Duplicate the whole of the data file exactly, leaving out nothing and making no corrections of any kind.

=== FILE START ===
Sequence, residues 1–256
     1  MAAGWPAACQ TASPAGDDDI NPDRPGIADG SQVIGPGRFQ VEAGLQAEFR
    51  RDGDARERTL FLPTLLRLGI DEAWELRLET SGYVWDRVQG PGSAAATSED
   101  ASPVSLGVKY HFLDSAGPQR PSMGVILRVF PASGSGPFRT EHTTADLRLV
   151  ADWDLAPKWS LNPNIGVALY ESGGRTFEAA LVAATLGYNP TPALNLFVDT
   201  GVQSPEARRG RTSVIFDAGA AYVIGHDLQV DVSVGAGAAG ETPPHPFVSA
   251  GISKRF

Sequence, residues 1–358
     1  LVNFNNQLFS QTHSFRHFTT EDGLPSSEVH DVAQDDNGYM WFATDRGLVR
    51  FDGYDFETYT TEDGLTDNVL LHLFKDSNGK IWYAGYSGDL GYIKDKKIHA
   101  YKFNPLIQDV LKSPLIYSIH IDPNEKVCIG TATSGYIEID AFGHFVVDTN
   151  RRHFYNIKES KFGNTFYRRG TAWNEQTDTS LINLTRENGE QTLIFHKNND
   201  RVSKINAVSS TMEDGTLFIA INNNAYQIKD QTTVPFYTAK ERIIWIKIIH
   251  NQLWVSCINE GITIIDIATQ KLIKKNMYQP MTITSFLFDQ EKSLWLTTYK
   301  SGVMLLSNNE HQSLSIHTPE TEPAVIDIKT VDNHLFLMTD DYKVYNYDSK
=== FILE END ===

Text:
Sequence, residues 1–256
     1  MAAGWPAACQ TASPAGDDDI NPDRPGIADG SQVIGPGRFQ VEAGLQAEFR
    51  RDGDARERTL FLPTLLRLGI DEAWELRLET SGYVWDRVQG PGSAAATSED
   101  ASPVSLGVKY HFLDSAGPQR PSMGVILRVF PASGSGPFRT EHTTADLRLV
   151  ADWDLAPKWS LNPNIGVALY ESGGRTFEAA LVAATLGYNP TPALNLFVDT
   201  GVQSPEARRG RTSVIFDAGA AYVIGHDLQV DVSVGAGAAG ETPPHPFVSA
   251  GISKRF

Sequence, residues 1–358
     1  LVNFNNQLFS QTHSFRHFTT EDGLPSSEVH DVAQDDNGYM WFATDRGLVR
    51  FDGYDFETYT TEDGLTDNVL LHLFKDSNGK IWYAGYSGDL GYIKDKKIHA
   101  YKFNPLIQDV LKSPLIYSIH IDPNEKVCIG TATSGYIEID AFGHFVVDTN
   151  RRHFYNIKES KFGNTFYRRG TAWNEQTDTS LINLTRENGE QTLIFHKNND
   201  RVSKINAVSS TMEDGTLFIA INNNAYQIKD QTTVPFYTAK ERIIWIKIIH
   251  NQLWVSCINE GITIIDIATQ KLIKKNMYQP MTITSFLFDQ EKSLWLTTYK
   301  SGVMLLSNNE HQSLSIHTPE TEPAVIDIKT VDNHLFLMTD DYKVYNYDSK